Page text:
It is a sector advanced, advanced manufacturing, responsible for almost three quarters of business research and development in this country and in so much of that research and development we lead the world in neuroscience, computer science, ecology, energy, material science and so on. And we pride ourselves that we also have strengths, natural strengths, (indistinct) that we are right at the heart of the world’s largest borderless single market right on our doorstep in the European Union, all of those strengths are strengths which we must celebrate because they are very, very phenomenal strengths indeed.
We need however as I said secondly to do more to build on those strengths and I won’t, because it’ll consume too much time and I know that Vince Cable and others will go in to this in greater detail later, enumerate all the measures that the Government has taken, but whether it is the new technology innovation centres, that try and emulate some of the world’s best examples of clustering academic excellence with advanced manufacturing research; whether it’s our very ambitious plans in infrastructure (indistinct) long term productivity of the economy so heavily depend; whether it’s the commitment to a high speed train spine up and down the length of the country, whether it’s the new guarantee scheme that we have recently announced using the strength of the Government’s balance sheet to mobilise private sector infrastructure and investment infrastructure; whether it’s the Green Investment Bank, the first of its kind, (indistinct) using three billion pounds worth of public money to leverage in several times that private sector money in our new renewable energy infrastructures.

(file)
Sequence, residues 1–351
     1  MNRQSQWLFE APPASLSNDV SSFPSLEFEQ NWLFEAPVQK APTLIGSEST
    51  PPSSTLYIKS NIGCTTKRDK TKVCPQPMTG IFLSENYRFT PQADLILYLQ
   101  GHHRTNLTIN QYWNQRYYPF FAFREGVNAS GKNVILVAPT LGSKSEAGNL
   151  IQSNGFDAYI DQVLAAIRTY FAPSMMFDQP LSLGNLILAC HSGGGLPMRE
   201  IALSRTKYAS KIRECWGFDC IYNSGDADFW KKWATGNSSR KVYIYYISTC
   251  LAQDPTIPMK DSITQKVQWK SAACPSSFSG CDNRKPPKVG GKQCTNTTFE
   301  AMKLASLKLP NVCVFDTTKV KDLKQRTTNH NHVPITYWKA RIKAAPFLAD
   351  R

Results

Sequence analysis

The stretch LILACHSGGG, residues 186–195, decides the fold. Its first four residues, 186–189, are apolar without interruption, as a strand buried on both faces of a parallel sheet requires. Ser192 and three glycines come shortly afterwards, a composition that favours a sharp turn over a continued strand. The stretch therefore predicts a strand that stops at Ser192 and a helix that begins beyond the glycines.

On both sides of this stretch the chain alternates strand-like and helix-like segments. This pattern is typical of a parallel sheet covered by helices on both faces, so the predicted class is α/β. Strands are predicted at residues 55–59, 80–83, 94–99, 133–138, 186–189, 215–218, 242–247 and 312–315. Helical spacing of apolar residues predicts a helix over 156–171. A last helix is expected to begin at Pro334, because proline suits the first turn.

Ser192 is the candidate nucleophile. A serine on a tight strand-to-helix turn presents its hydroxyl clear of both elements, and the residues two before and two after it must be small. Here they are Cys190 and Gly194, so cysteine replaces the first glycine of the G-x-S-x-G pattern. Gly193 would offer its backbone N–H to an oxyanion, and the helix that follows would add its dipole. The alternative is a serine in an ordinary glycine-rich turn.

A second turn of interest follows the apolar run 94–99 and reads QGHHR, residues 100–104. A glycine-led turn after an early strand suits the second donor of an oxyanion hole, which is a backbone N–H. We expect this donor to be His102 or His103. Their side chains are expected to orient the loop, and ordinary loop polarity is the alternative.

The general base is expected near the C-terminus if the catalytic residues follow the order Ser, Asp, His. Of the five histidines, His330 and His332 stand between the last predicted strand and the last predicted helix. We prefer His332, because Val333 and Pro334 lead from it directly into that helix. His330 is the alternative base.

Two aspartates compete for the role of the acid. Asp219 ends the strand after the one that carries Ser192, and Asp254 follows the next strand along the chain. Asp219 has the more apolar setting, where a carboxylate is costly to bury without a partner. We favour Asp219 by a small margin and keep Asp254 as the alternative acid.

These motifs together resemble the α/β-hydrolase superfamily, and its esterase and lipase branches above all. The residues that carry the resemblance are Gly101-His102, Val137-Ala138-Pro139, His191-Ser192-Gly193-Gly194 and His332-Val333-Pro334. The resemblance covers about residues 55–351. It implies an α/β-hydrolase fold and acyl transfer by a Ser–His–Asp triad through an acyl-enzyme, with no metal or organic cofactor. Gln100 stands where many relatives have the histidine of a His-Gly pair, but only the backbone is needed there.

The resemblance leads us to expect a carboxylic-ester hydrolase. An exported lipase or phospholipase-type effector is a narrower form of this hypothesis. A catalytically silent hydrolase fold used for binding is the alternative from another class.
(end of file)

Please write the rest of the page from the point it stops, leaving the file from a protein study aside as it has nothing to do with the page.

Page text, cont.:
Those are all examples of commitment to infrastructure which is so necessary to your work, whether it’s rebalancing the sectorally unbalanced pattern of British, the British economy over, which has built up over the last two or three decades where so much growth is concentrated in the City of London, the South East and not enough is concentrated in what has become regions elsewhere in the country, in the North of the country in particular who’ve become over reliant on public sector subsidy. We’re using instruments like the Regional Growth Fund, two and a half billion pounds worth of direct finance from the Government to companies and particularly to manufacturers elsewhere outside the South East of the country who are committed to diversifying their businesses, creating jobs and creating greater private sector dynamism in other parts of the country.